Mrs. Lincoln’s Dressmaker: The Unlikely Friendship of Elizabeth Keckley and Mary Todd Lincoln
By Lynda Jones
(National Geographic Society, Washington, DC, 2009, $18.99)
So often, biographies overlook ordinary interactions, especially those between people of different stations. Mrs. Lincoln’s Dressmaker celebrates the everyday life and the unlikely friendship of two remarkable women: First Lady Mary Todd Lincoln and Elizabeth Keckley, her African-American dressmaker.
The women’s very different backgrounds and personalities made their later relationship all the more improbable. Mary Todd grew up in a wealthy, slave-owning Kentucky family. For the first thirty-seven years of her life, Elizabeth Keckley was a slave in Virginia. Mary was temperamental and volatile, while Elizabeth was patient and self-contained. However, both were determined women who rebelled against their circumstances: Mary defied her family to become an outspoken abolitionist and marry an impoverished lawyer, while Elizabeth toiled long hours as a seamstress to buy her freedom.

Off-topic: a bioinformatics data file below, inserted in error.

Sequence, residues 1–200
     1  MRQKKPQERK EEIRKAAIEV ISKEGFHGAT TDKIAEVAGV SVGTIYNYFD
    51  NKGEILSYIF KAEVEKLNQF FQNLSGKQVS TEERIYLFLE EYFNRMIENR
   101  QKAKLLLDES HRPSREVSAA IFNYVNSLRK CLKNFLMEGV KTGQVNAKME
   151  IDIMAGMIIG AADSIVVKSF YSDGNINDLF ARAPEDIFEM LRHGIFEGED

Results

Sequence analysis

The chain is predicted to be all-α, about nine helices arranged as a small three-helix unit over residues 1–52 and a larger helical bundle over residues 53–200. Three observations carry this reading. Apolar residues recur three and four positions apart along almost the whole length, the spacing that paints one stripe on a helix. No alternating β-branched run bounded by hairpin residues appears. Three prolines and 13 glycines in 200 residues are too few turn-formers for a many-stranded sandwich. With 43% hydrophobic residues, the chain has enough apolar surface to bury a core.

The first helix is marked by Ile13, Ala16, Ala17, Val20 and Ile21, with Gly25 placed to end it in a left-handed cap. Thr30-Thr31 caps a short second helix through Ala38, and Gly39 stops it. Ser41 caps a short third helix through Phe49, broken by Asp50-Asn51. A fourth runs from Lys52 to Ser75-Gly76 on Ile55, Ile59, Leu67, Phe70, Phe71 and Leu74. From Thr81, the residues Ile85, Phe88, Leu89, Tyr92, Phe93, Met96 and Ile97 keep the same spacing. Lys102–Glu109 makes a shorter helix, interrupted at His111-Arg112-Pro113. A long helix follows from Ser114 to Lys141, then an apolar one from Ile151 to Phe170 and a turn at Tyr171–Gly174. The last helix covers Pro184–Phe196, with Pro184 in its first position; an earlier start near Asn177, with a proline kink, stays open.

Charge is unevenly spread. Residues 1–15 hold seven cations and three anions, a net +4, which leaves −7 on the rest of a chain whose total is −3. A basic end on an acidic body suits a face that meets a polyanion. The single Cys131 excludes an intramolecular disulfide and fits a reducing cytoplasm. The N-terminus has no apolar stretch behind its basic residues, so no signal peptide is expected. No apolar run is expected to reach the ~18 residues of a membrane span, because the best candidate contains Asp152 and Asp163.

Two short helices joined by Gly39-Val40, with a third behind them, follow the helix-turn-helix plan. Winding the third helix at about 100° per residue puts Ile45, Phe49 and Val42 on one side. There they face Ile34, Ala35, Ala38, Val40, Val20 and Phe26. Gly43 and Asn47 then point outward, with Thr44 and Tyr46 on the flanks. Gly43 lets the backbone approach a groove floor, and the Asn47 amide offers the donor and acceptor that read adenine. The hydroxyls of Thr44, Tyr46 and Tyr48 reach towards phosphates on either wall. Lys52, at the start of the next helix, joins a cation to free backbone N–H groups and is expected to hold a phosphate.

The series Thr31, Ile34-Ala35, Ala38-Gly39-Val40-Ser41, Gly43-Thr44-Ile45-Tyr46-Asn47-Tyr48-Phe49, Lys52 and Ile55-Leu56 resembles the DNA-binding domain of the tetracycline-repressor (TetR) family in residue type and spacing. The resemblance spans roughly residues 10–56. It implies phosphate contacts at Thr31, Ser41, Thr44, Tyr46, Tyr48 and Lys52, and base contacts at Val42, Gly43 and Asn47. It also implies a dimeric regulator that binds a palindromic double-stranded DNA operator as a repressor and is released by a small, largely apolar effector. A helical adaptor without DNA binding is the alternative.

In 1861, soon after Abraham Lincoln’s inauguration, Mary hired Elizabeth as her dressmaker. Through the Lincoln presidency, Elizabeth’s artistry made the First Lady a trendsetter. But Elizabeth did more than create low-cut ball gowns. She listened to her problems, offered reassurance, and consoled Mary when she lost her son to typhoid. In return, Mary’s patronage made Elizabeth the most sought after dressmaker in Washington – for a time. Eventually, Mary’s emotional demands undermined both Elizabeth’s career and their friendship.
As author Lynda Jones weaves together the women’s stories, she doesn’t shrink from the truth. In her matter-of-fact prose, she describes the cruelties of slavery Elizabeth Keckley faced, including beatings, rape, and separation from family members. She also paints a balanced picture of Mary Todd Lincoln: intelligent and warm-hearted, but often demanding and wrong-headed. In Mrs. Lincoln’s Dressmaker, Jones creates a nuanced portrait of two strong women and their unusual friendship. The book is also a meditation on friendship’s possibilities and disappointments.
© Dorothy A. Dahm